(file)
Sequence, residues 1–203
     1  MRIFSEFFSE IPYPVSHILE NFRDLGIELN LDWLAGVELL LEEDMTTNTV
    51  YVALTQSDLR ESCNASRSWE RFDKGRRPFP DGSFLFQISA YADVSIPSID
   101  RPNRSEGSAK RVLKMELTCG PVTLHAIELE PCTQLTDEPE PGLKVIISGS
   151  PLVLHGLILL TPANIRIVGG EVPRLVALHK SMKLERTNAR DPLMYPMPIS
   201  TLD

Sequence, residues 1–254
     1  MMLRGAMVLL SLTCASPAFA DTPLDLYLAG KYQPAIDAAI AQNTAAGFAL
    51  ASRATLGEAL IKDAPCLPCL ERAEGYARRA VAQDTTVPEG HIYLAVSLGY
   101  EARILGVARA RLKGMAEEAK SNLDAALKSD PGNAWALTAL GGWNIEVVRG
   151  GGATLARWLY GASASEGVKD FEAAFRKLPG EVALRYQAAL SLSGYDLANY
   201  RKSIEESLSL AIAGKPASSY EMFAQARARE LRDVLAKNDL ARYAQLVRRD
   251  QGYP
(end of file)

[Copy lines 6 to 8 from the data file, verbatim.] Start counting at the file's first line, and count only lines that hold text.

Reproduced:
   201  TLD

Sequence, residues 1–254
     1  MMLRGAMVLL SLTCASPAFA DTPLDLYLAG KYQPAIDAAI AQNTAAGFAL